In a crowded terminal, when the folks making gate announcements start yelling or talking fast or acting panicked about a full flight, it makes everybody uptight. Even the little computerized voice that tells you which gate agent to talk to sounds a little annoyed.

What if the airlines realized that the product that they sell isn’t the plane, it’s the idea of a safe and comfortable (maybe even fun) trip. What if every announcement was pre-recorded by Clint Eastwood or J. Lo? Or if all the flight announcements were as funny as the one I heard today (your snacks are being handed out by Tom, who’s single and looking for love. Hey, if you marry him, you can fly free!)

Even simpler, what if every announcement was calm, slow and easy to understand? That’s free, but it’s worth noticing.

Now, unlike Seth Godin, I am a simple soul and will not expect pre-recorded announcements of J.Lo. All I want are announcements of V.Lo or Volume Low. Maybe, they ought to distribute the cotton buds at the check-in counter, instead of inside the aircraft.

Wednesday, October 03, 2007

Dear Diary-9

Dear Diary,

The whole of today, I had this claustrophobic feeling that I was slowly being enclosed by walls on all sides.

When I logged on to the computer, the first news item that greeted me was the one in the Wall Street Journal, which talked of how Wall-Mart was sourcing so much of stuff from across the Great Wall of China.

Switched on the TV. Turned on the wallume. The ODI was on and who was batting? None other than Dravid, the Wall. Changed channel. Big Fight on NDTV on Sethusamudram project and if it would damage the ancient bridge mentioned in Wall-miki’s Ramayana.

Picked up a book and, sure enough, there was this story written by a French author, about this ordinary character who suddenly realizes that he can walk through walls. Using this ability he frightens his boss ( by peeping through a wall), robs banks and when, finally imprisoned, keeps walking up to the Warden’s room every morning. He finally loses his power when walking through a wall one day and gets trapped inside for ever. Ending didn’t help my claustrophobia one bit.

Was this idea borrowed by Harry Potter to ram into the wall at the railway station, to get to Platform 9-3/4? Or to tackle his enemy, the dark wizard, Walldemort? Did Pink Floyd have Hogwart’s in mind when they sang, “Hey! Teachers! Leave them kids alone!All in all it's just another brick in the wall. All in all you're just another brick in the wall.”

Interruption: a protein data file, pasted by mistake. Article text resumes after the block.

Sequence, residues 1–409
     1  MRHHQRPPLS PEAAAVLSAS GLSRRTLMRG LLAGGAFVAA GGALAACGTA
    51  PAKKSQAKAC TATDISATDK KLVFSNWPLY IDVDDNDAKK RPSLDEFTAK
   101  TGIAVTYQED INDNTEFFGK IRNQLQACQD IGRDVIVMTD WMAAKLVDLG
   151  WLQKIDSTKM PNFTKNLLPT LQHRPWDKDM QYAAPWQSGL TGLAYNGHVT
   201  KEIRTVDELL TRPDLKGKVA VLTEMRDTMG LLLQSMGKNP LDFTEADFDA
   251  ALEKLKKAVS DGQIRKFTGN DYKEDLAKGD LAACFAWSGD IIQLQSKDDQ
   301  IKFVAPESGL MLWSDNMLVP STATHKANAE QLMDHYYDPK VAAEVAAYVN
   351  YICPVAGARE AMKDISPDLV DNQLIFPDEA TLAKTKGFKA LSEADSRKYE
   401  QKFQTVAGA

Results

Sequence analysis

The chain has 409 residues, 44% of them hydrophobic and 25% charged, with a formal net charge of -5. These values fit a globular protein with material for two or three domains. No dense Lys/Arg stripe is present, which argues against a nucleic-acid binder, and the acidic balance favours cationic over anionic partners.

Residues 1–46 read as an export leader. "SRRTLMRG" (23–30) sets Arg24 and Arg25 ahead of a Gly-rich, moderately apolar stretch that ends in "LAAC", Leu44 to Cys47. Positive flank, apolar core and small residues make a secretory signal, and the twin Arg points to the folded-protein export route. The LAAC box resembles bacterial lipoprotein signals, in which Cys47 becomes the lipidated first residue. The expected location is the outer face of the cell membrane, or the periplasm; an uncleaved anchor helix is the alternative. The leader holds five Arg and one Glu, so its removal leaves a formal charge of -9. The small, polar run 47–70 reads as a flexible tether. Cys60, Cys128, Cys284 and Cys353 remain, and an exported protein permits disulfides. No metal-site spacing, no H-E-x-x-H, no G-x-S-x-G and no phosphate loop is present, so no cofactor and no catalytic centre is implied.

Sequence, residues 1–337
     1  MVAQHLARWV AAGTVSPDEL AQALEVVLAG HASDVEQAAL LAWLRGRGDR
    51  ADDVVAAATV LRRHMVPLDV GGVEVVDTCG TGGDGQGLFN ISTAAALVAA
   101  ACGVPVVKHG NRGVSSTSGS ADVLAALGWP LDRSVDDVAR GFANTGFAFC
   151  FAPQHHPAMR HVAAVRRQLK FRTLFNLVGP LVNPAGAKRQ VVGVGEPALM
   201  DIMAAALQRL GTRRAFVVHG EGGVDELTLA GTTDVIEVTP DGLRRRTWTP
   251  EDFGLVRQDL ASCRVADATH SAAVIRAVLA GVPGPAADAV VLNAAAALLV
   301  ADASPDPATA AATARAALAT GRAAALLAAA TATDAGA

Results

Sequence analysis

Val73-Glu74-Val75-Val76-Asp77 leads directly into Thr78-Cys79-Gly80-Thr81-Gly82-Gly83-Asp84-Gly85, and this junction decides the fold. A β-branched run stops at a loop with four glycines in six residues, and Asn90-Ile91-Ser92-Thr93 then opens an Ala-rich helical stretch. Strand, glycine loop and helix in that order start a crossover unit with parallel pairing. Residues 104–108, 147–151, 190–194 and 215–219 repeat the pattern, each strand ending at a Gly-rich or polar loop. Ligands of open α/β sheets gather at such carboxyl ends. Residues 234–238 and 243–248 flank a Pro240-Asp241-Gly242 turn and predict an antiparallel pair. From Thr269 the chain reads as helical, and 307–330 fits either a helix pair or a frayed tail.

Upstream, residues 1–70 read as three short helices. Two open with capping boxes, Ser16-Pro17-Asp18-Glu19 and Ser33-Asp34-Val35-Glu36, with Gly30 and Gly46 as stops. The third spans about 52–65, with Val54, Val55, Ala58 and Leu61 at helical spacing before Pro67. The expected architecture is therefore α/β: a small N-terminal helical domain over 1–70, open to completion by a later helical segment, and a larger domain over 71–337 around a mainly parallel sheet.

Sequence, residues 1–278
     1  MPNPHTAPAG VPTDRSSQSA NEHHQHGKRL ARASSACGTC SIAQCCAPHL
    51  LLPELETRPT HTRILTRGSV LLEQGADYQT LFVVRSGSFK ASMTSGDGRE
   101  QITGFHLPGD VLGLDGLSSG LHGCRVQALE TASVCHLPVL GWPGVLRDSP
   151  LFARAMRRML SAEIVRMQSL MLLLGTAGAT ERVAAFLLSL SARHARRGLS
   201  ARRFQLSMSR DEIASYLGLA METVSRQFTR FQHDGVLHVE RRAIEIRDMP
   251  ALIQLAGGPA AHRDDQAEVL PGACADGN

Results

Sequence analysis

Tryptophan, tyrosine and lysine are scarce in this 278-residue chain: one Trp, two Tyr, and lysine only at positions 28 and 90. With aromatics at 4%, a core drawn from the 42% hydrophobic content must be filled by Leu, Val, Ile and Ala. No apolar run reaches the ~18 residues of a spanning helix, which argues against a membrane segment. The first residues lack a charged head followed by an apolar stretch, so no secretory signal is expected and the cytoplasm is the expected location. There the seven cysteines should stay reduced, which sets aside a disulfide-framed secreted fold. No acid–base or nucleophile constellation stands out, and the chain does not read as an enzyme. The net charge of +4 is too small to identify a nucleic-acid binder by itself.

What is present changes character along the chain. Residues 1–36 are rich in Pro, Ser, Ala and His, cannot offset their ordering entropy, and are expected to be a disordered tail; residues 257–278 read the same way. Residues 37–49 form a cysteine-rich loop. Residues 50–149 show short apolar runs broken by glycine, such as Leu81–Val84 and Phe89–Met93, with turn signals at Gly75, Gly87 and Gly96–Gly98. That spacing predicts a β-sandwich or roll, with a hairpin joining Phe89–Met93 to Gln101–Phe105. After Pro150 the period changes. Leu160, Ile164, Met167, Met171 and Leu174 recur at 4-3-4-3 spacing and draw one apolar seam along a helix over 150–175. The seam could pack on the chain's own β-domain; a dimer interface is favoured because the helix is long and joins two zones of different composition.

What a stupid song! As the French satirist Walltaire remarked, "Anything too stupid to be said is sung".

So, the net result was that today was a complete washout. Nothing accomplished. But, wall's well that ends well. As Sir Wall-ter Scott said, " To all, to each, a fair good night; And pleasing dreams and slumbers light”.

Tuesday, October 02, 2007

Conversation with daughter- 18

(In our car, driving back after shopping at the departmental stores)

Daughter (checking the bill): Oh, oh. The shop has billed us for only three bars of Dairy Milk chocolates. I bought four.

Me: Maybe they have packed only three

Daughter (checking again): No, all four are there.

Me: What do you want to do? Go back and pay for the fourth one?

Daughter: You decide. You are the one who is driving the car.

Me: But, what do you think we should do?

Daughter: Well, the right thing to do would be to go back, point out the mistake and pay the difference.

Me: So, should we turn back? ?

Daughter: Well, that would be the right thing to do.

Me: So, do you want to do the right thing or not? And search for parking space all over again? And then go in and have them check the complete bill, repack the items. And, if the manager comes to know that the salesgirl had missed out an item in the billing, maybe she will lose her job. You still want to go back?

Daughter: Not that I feel very strongly about it……..

Me: But, you said that was the right thing to do…..

Daughter: Appa, why can’t we have simple conversations for a change? Must every conversation be so complicated?


Something in this report, which was published in all newspapers, last week, aroused my curiosity.

Indian hockey coach Joaquim Carvalho on Wednesday lashed out at the "stepmotherly treatment" being meted out to players of his Asia Cup-winning side after Mahendra Singh Dhoni’s Twenty20 world champions were given a heroes’ welcome in Mumbai. “"Hockey is our national game and we have won a big tournament like the Asia Cup. Why don’t the governments and politicians recognise our achievement?”, he asked.

I am not getting into the controversy of ‘promoting cricket to the detriment of all other games”. We will leave that to worthier people to sort out.